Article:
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Warren weighs in on controversial redistricting plan, scolds its Democratic opponents


The Monroe County Legislature will soon vote on a proposed redistricting map. Shown is a countywide view of the proposed districts and a cut out of the proposed city districts. - GRAPHIC BY JACOB WALSH
  • The Monroe County Legislature will soon vote on a proposed redistricting map. Shown is a countywide view of the proposed districts and a cut out of the proposed city districts.
Former Rochester Mayor Lovely Warren entered the fray around a controversial proposal to redraw County Legislature districts on Wednesday, excoriating Democratic legislators who oppose the plan.

During a hearing on the matter held in the Legislature’s chambers, Warren echoed many of the same points that other supporters of the plan have made, namely that the redrawing would create five districts with a majority of Black voters out of the impoverished, heavily Black neighborhoods that ring downtown Rochester

“I never thought I would see the day when Democrats are arguing harder than Republicans about supporting five strong districts that could potentially allow a person of color to be elected in that district,” Warren said during her remarks. “I know the late, great Assemblyman David Gantt is rolling over in his grave right now just listening to the rhetoric and the lies being spewed about redistricting by the Democratic side of the aisle.”

The plan Warren spoke on has been championed by two Democrats, Legislature President Sabrina LaMar and Legislator Rachel Barnhart. LaMar is a political ally of Warren’s who caucuses with the GOP.
Former Rochester Mayor Lovely Warren. - FILE PHOTO
  • Former Rochester Mayor Lovely Warren.
The remaining 13 Democratic legislators oppose the plan. They argue that by concentrating Black voters in five districts, instead of creating more minority-majority coalition districts, the plan could dilute the voting power of other minorities in those neighborhoods, particularly the growing Latino population. They’ve also argued that it unfairly cuts up several city neighborhoods.

The proposal will likely be put to vote during the Oct. 11 meeting of the Legislature.

Much of the debate around the plan has been couched in the Voting Rights Act, a set of federal laws passed to prevent the disenfranchisement of Black voters and members of other racial or language minority groups.

Angelica Perez-Delgado, president and CEO of Ibero American Action League, said during the hearing that the Voting Rights Act falls short on protecting and understanding the intricacies of Latino voters. Perez-Delgado is also co-chair of the Latinx Leaders Roundtable, which issued a statement opposing the plan and stating that it might challenge it in court if it becomes law.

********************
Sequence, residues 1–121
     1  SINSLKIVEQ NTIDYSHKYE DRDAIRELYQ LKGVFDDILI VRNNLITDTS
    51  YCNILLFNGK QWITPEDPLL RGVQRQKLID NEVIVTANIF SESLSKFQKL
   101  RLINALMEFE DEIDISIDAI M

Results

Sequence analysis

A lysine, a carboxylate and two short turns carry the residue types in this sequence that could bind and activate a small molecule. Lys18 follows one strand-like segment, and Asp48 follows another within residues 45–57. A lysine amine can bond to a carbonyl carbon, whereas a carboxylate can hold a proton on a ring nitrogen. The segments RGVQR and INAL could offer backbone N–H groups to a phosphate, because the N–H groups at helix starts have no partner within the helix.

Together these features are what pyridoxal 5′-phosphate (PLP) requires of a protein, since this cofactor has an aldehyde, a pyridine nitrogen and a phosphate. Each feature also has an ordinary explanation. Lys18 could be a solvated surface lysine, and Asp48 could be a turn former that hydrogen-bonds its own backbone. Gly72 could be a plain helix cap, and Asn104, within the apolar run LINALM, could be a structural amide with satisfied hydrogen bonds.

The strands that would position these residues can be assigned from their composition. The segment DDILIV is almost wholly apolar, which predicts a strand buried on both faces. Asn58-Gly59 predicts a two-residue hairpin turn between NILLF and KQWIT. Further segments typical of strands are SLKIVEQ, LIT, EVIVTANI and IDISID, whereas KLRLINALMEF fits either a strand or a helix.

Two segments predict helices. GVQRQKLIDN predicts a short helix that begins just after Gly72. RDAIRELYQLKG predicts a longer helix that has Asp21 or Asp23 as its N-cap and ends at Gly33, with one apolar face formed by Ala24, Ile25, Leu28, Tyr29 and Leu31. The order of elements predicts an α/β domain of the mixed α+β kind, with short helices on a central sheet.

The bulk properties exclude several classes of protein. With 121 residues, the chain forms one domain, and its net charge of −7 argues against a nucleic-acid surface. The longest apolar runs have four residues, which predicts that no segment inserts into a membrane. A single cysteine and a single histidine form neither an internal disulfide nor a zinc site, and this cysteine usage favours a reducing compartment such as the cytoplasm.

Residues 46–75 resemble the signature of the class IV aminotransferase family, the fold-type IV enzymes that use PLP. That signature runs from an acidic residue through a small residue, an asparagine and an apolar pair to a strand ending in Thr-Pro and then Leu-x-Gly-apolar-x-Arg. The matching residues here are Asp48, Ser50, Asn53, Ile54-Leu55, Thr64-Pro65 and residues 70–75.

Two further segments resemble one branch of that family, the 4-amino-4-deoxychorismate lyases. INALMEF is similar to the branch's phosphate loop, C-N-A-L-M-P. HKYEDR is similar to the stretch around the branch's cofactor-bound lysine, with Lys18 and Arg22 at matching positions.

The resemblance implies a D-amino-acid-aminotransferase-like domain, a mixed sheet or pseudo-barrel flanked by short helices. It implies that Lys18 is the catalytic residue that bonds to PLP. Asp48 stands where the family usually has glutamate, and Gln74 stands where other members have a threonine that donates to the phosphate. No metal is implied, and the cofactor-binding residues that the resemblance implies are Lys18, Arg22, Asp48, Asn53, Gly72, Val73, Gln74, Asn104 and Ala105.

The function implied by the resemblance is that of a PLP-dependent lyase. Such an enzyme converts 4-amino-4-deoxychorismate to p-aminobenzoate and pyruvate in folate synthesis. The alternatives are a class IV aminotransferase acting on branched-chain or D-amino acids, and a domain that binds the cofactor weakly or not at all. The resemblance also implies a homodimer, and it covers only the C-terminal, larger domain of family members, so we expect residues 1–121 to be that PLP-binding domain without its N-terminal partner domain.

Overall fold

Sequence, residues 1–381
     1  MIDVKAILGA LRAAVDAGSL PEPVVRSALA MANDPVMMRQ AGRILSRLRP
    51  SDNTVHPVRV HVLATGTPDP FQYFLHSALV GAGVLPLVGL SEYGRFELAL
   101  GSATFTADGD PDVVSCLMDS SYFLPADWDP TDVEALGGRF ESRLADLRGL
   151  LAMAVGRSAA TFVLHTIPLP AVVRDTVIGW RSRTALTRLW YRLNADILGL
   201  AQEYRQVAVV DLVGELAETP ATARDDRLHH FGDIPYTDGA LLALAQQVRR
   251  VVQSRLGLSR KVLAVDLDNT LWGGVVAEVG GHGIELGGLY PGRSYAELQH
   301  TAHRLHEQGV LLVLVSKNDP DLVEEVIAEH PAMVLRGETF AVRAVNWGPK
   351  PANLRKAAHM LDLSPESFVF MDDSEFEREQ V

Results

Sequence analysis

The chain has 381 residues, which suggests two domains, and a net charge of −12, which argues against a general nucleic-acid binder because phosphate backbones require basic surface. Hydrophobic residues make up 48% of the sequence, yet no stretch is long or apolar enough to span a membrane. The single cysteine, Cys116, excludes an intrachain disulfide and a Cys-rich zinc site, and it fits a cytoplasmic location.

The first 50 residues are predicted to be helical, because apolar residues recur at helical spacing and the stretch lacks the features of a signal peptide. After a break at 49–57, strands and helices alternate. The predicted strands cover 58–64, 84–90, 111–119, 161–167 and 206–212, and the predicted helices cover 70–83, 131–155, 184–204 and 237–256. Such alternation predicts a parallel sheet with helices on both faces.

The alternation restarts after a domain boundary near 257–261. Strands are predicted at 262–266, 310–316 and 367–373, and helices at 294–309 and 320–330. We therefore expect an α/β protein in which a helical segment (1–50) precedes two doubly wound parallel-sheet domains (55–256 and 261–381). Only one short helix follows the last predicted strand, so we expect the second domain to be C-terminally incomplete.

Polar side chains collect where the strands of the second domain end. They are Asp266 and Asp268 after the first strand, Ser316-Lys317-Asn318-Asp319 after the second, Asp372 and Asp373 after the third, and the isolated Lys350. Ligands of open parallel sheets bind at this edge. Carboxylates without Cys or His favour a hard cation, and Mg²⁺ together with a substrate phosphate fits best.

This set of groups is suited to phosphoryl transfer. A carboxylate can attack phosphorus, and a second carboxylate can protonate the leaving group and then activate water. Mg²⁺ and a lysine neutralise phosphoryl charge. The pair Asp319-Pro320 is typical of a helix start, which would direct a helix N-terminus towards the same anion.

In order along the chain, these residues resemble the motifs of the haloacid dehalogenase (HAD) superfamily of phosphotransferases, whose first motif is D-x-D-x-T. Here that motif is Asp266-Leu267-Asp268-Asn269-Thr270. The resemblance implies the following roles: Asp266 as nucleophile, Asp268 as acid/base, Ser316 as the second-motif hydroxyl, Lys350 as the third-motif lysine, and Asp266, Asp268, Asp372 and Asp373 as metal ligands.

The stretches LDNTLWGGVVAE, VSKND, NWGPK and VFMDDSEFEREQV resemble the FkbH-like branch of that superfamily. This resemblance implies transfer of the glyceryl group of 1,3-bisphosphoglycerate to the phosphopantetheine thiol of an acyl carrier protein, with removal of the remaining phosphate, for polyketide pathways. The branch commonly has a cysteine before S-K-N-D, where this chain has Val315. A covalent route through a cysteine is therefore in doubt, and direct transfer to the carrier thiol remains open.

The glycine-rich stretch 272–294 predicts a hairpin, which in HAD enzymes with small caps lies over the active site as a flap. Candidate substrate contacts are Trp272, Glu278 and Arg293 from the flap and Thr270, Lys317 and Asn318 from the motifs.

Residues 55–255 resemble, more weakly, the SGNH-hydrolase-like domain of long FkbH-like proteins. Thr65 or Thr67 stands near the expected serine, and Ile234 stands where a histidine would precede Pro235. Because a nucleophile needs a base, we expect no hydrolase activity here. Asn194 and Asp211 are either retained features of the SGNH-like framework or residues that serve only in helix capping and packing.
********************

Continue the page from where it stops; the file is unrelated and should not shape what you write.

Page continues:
“We should ensure political will of both the Black and Latino community and should be intentional when thinking about preserving the voting powers of this community,” Perez-Delgado said.

As she urged legislators to support the map, the Rev. Myra Brown, pastor at Spiritus Christi Church, agreed that the Voting Rights Act falls short in protecting Latinos, but said that is not a reason to refrain from empowering Black voters. She added that the proposed map isn’t drawing lines according to racial categories, but rather “acknowledges where Black voters live and how concentrated and compact they are in this Crescent community.”

“The truth is that the opposition to this dilutes, neglects, and fractures the voting justice due to the Black community,” she said later in her remarks.

Michael Li, senior counsel at the Brennan Center for Justice and a redistricting expert, said the Voting Rights Act is an incredibly complicated law that is often misunderstood or misrepresented. The laws are primarily concerned with performance, meaning that minority groups can elect their preferred candidates without being blocked by white voters who may prefer another candidate.

“You can’t draw districts just based on race,” Li said. “You can’t join Black voters who have nothing in common other than the fact that they are Black together, just under the assumption that all Black people belong in a Black district.”

However, race can be a factor in drawing districts around cohesive populations, Li said. In that case, districts might also be drawn around populations that experience similar levels of poverty, that send their children to the same schools, or that live in the same neighborhoods.

Democratic caucus leaders have asked County Executive Adam Bello to veto the plan should it be sent to him, but Bello has not said whether he will do so. He has indicated that the proposed lines trouble him.

“We’re going to look very carefully at this to make sure that votes are not being disenfranchised by packing into fewer districts than what’s necessary,” Bello said earlier this month.

This article has been updated to correct an error regarding legislators' roles in advancing the redistricting proposal.

Jeremy Moule is CITY’s deputy editor. He can be reached at